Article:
United States v. Amer. Coll. of Physicians
475 U.S. 834 (1986)

Annotate this Case

U.S. Supreme Court

United States v. Amer. Coll. of Physicians, 475 U.S. 834 (1986)

United States v. American College of Physicians

No. 84-1737

Argued January 21, 1986

Decided April 22, 1986

475 U.S. 834

Syllabus

Section 511(a)(1) of the Internal Revenue Code imposes a tax on the "unrelated business taxable income" of tax-exempt organizations. Section 512(a)(1) defines "unrelated business taxable income" as the gross income derived by such an organization from any "unrelated trade or business . . . regularly carried on by it," and § 513(a) defines "unrelated trade or business" as "any trade or business the conduct of which is not substantially related" to the organization's tax-exempt purposes. Respondent tax-exempt organization, in furtherance of its exempt purposes of maintaining high standards in medical education and practice, encouraging research, and fostering measures for preventing disease and improving public health, publishes a monthly medical journal containing articles relevant to the practice of internal medicine. Each issue of the journal contains paid advertisements for pharmaceuticals, and medical supplies and equipment useful in the practice of internal medicine. After respondent had paid taxes on its net income from such advertisements in 1975, it filed a claim for a refund, and when the Government demurred, ultimately filed suit in the United States Claims Court, which held that the advertisements were not substantially related to respondent's tax-exempt purposes, and that therefore the advertising proceeds were taxable. The Court of Appeals reversed. Taking the view that the Claims Court had focused too much on the commercial character of the advertising business and not enough on the advertisements' contribution to the education of the medical journal's readers, the Court of Appeals held that respondent had established the requisite substantial relation and its entitlement to exemption from taxation.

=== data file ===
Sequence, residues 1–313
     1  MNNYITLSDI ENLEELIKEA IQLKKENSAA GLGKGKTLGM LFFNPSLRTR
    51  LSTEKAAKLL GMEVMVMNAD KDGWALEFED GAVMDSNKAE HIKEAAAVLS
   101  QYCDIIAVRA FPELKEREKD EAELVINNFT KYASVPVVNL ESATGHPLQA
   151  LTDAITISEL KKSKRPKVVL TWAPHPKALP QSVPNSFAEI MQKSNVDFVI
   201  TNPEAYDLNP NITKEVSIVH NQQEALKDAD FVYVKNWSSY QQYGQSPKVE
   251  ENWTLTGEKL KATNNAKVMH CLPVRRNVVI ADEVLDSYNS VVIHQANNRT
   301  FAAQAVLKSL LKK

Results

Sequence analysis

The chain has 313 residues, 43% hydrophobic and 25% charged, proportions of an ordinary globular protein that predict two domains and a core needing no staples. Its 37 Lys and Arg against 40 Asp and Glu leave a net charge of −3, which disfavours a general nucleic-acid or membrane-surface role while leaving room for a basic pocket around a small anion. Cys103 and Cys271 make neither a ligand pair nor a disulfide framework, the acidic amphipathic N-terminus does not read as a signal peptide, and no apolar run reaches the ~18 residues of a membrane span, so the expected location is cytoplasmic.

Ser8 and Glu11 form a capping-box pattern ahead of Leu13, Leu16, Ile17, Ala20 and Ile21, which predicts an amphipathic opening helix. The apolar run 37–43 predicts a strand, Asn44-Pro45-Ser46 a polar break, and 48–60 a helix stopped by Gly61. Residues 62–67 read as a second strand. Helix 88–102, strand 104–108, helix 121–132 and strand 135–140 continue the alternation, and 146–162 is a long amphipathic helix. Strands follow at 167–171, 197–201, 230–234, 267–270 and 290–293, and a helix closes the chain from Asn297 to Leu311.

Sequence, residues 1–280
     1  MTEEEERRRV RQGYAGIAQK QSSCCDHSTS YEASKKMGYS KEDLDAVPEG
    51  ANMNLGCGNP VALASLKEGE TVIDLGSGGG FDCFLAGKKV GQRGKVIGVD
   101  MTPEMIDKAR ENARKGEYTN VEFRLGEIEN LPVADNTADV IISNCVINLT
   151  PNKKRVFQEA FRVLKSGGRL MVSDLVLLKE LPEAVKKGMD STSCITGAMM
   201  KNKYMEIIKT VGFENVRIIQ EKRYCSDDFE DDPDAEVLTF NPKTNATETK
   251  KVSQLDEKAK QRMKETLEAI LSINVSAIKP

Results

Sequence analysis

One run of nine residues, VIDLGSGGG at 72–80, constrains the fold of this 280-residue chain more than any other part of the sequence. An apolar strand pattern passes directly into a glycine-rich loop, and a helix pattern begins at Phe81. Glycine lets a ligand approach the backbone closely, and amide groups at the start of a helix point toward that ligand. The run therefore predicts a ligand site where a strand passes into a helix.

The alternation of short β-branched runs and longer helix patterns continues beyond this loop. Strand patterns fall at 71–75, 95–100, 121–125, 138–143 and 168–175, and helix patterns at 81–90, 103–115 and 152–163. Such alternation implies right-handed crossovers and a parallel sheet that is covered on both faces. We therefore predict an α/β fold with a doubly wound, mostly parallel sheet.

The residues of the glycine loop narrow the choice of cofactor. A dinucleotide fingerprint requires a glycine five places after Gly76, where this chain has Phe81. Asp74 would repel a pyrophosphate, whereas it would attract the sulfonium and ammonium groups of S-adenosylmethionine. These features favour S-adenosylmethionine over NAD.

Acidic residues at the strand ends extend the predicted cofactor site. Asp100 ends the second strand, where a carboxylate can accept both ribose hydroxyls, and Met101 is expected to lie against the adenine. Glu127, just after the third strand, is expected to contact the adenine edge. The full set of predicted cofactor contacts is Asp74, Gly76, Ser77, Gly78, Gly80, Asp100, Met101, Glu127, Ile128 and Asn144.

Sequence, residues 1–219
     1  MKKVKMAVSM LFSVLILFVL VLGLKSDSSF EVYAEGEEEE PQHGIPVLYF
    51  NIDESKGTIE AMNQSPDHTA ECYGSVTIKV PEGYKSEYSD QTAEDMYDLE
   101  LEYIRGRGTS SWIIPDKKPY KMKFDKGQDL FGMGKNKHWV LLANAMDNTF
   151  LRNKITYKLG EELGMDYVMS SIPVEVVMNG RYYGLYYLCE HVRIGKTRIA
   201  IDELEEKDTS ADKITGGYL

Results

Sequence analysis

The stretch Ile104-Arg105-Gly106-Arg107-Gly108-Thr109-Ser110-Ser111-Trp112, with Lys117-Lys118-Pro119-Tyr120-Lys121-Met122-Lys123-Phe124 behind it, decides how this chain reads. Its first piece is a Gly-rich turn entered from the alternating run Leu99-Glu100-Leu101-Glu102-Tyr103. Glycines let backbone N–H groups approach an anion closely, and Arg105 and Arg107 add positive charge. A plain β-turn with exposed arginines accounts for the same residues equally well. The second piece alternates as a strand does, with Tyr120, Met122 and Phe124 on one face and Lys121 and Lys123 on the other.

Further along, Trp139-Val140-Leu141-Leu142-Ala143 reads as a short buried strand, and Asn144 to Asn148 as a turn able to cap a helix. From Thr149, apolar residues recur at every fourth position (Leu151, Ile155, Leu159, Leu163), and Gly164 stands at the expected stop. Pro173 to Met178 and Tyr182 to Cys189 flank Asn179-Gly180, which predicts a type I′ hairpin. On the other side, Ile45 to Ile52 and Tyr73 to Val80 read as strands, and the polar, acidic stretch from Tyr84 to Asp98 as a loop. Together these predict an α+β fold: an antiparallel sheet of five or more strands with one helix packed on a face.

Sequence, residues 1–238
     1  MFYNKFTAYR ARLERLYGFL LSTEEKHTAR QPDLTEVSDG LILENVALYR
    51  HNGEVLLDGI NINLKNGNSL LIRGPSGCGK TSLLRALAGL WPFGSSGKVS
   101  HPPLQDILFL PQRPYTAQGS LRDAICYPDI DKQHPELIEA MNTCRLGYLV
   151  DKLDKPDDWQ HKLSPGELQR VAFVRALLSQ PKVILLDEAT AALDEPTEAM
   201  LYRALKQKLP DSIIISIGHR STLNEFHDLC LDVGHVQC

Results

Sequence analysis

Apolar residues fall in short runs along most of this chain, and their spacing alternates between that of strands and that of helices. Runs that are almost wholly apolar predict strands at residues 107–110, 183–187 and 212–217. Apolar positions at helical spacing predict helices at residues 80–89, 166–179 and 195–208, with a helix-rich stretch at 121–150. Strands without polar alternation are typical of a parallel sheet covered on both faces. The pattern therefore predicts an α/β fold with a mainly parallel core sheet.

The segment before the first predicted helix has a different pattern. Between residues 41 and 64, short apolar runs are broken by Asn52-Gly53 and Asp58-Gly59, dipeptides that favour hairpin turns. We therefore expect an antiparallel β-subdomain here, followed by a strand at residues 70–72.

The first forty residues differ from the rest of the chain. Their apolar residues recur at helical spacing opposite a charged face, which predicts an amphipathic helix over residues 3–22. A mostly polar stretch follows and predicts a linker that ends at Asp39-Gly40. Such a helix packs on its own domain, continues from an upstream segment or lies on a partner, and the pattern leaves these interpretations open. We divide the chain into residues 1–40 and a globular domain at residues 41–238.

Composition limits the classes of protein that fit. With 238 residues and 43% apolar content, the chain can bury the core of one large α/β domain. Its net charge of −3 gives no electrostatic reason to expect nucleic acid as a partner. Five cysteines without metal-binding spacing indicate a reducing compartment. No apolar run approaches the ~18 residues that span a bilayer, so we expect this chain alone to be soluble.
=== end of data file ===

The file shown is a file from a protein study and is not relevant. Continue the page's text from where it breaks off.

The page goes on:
Held: Respondent must pay a tax on the profits it earns from the advertisements. Pp. 475 U. S. 837-850.

(a) It is undisputed that respondent's publication of paid advertising is a "trade or business," and that the business is "regularly carried on." Pp. 475 U. S. 839-841.

(b) There is no merit to the Government's argument that Congress and the Treasury intended to establish a blanket rule requiring the taxation of income from all commercial advertising by tax-exempt professional journals without a specific analysis of the circumstances.

Page 475 U. S. 835

There is no support for such a rule in the regulations or in the legislative history of the Internal Revenue Code. Pp. 475 U. S. 841-847.

(c) In this case, however, based on the Claims Court's finding of facts that are adequately supported by the record, and considering those facts in light of the applicable legal standard, it must be concluded that the advertisements in question were not "substantially related," or, in the words of the implementing regulation, did not "contribute importantly," to the medical journal's educational purposes. The Claims Court properly directed its attention to respondent's conduct of its advertising business, whereas the Court of Appeals erroneously focused exclusively upon the information conveyed by commercial advertising, and consequently failed to give effect to the governing statute and regulations. Pp. 475 U. S. 847-850.

743 F.2d 1570, reversed.

MARSHALL, J., delivered the opinion for a unanimous Court. BURGER, C.J., filed a concurring opinion, in which POWELL, J., joined, post, p. 475 U. S. 850.

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